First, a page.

Godolphin House is a romantic Tudor mansion of grey granite stone set in extensive Elizabethan gardens. The house features an early Elizabethan stable block. The crenellated Stuart frontage hides a suite of informal Tudor rooms set on two floors. The house was redesigned in 1630 in a style more suited to Italy than Cornwall, by Sir Francis Godolphin. The Godolphin family were committed to the Royalist cause in the Civil War and sheltered Charles II here in 1646 during his flight to the Scilly Isles. The house isn’t open all the time as it is used as a holiday let. Christmas here would be pretty amazing.
The plants that the team have planted in the side garden are either derivatives of native plants or non-natives that resemble native plants such as aquilega, white foxgloves, lupin and oxeye daisy. Lots of woodland plants such as Ferns, Primroses and Navelwort (Wall Pennywort) are allowed to self-seed, Hyacinths and daffodils clump up in the borders, daffodils and fritillary in the grass and a wild meadow has been planted.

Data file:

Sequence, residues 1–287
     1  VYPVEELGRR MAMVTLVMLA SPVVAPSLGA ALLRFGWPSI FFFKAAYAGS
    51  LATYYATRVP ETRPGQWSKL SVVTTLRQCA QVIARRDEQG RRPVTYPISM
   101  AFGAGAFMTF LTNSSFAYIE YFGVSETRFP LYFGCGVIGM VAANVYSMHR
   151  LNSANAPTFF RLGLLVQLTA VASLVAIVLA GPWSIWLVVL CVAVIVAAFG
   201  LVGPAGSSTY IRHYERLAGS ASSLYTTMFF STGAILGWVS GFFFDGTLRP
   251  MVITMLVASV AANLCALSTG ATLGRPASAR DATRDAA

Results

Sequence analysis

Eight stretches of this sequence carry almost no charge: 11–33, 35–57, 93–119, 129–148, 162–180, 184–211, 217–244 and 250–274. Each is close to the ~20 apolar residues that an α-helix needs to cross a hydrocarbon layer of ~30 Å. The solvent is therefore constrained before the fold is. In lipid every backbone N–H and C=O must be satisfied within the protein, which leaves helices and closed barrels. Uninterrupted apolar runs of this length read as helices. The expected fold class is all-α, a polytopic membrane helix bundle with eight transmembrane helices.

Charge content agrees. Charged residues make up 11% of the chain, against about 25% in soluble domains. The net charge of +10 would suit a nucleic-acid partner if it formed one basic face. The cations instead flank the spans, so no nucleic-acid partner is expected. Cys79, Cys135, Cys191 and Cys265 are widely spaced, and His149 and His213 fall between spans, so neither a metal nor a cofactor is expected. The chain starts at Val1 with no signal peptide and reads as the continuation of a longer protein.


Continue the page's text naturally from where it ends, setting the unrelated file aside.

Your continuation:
I love this garden. It doesn’t offer the variety of plants and flowers that other Great Gardens of Cornwall do, with their Camellia, Magnolia and Rhododendron collections, but it does reflect what grows well in this area. I would be happy to have this garden and the Potting Shed below with its rusty corrugated tin roof.
It is never a busy garden, often the number of friendly gardeners outweigh the visitors, it is a peaceful, calm place with the sound of birdsong accompanying you around the gardens. Parts of the 16th-century formal gardens have been restored to their original design and the remains of the original raised walks and carp ponds are undergoing restoration.
Passing by the 16th century stables and the secret courtyard I can never resist a photo of the old doors.
And then we are back at the Piggery, where you can stop for a coffee and slice of cake. Or if you are still feeling active then why not venture into the wider estate where there are walks to the old mines, along the riverside or up the hill. We decided to leave that for another time when the ground is a little less soggy!